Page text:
This is one of my favorite books too. I love almost all the patterns in it, so can’t pick out just a few favorites. One that comes to mind is the pattern for the kitchen, don’t remember what’s it called, but it’s essentially a kitchen with room for living.

  • Molly

    People set up furniture for television viewing rather than conversation, and this sort of design isn’t intuitively appealing. There is always a missing chair. I noticed this when I was moving a chair and set it down temporarily in a way that completed the arrangement. The chair was angled incorrectly for viewing, but correctly in every other way. I cannot wait for the day when I have a separate tv room!

  • Jenya

    So much of A Pattern Language rings true to me, particularly the patterns that make up a community. But I’ve never quite gotten the “half-hidden garden” edict. I love nothing more than the privacy and security of a walled garden (the English get this just right, to my tastes). There’s something about being outside, connected to everything by sound and sky, but still feeling free from prying eyes. Maybe the ideal garden is different for introverts and extroverts?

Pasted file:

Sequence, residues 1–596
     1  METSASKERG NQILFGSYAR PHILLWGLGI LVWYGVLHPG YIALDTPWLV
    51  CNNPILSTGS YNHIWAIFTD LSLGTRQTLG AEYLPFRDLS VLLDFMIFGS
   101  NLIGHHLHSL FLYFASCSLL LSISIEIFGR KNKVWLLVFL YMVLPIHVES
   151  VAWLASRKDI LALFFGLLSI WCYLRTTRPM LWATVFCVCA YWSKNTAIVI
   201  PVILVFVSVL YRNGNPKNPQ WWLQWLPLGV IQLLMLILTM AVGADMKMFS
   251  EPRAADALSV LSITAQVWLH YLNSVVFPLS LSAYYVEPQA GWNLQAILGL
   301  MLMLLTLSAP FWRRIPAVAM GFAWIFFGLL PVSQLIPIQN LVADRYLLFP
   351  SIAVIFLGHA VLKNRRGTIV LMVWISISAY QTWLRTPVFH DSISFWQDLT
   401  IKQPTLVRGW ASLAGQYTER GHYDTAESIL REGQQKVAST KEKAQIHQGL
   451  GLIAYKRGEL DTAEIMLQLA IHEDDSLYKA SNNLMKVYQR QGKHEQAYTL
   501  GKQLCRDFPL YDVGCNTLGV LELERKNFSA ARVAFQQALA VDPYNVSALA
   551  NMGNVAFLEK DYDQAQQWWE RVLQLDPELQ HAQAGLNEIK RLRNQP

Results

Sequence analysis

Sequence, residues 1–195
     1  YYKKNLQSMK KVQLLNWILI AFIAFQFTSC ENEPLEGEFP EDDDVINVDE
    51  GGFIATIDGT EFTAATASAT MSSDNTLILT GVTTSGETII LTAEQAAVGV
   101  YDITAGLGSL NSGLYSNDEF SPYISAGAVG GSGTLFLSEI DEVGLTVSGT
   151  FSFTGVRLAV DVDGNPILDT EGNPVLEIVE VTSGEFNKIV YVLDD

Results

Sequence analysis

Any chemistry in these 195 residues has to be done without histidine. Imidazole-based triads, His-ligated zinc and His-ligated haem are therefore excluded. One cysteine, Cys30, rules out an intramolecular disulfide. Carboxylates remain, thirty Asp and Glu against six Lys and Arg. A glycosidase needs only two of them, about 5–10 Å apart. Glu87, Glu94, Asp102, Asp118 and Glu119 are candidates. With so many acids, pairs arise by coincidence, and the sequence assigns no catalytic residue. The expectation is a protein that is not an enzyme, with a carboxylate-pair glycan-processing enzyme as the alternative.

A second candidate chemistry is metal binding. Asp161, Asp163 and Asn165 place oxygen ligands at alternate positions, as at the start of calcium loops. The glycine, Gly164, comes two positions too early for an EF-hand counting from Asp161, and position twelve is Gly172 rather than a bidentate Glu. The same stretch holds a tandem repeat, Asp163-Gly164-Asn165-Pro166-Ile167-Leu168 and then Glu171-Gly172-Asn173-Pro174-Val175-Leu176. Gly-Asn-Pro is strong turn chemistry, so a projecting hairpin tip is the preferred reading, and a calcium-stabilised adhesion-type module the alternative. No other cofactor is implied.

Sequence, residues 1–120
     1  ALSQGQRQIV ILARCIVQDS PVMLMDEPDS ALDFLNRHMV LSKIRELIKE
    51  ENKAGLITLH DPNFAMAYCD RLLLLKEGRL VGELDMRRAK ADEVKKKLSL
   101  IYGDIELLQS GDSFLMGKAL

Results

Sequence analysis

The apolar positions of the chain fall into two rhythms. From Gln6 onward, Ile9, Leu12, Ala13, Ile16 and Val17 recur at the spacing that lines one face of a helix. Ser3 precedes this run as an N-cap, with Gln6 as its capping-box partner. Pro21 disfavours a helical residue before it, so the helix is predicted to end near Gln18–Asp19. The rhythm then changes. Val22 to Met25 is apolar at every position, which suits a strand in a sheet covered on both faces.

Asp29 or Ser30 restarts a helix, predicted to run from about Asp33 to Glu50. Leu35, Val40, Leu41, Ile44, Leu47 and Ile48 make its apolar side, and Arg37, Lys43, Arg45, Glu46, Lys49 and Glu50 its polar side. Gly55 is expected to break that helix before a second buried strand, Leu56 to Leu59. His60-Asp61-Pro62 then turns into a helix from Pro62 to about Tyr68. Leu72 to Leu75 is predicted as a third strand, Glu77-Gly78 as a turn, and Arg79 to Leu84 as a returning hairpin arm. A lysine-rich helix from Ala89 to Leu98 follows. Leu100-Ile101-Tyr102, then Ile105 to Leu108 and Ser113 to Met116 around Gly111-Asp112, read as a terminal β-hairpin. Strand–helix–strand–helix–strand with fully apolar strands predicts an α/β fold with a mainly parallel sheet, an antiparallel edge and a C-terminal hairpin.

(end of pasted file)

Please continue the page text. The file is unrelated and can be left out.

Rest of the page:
• Julian

    Have you read Alexander’s “Nature of Order”? This broadens the ideas in A Pattern Language to apply to wider areas of design and nature. It explains why the patterns work.

    • gretchenrubin

      Yes, I’m making my way through everything he’s written. Love it all but Pattern Language is still my favorite.

  • Ahmad Badreddin

    It’s beautiful to wake up in the morning with flowers with different colors.

  • totoro

    This is my favorite book. I was surprised to find the review though! It doesn’t get a lot of coverage. I think many aspects are found in the Susanka “Not so Big” homes.

    • Marcy Holmes

      I also loved Susanka’s books. Makes me wish I was building a house from scratch but many of the concepts are useful for how to set up the house you do have (like away spaces).

  • Margaret Nahmias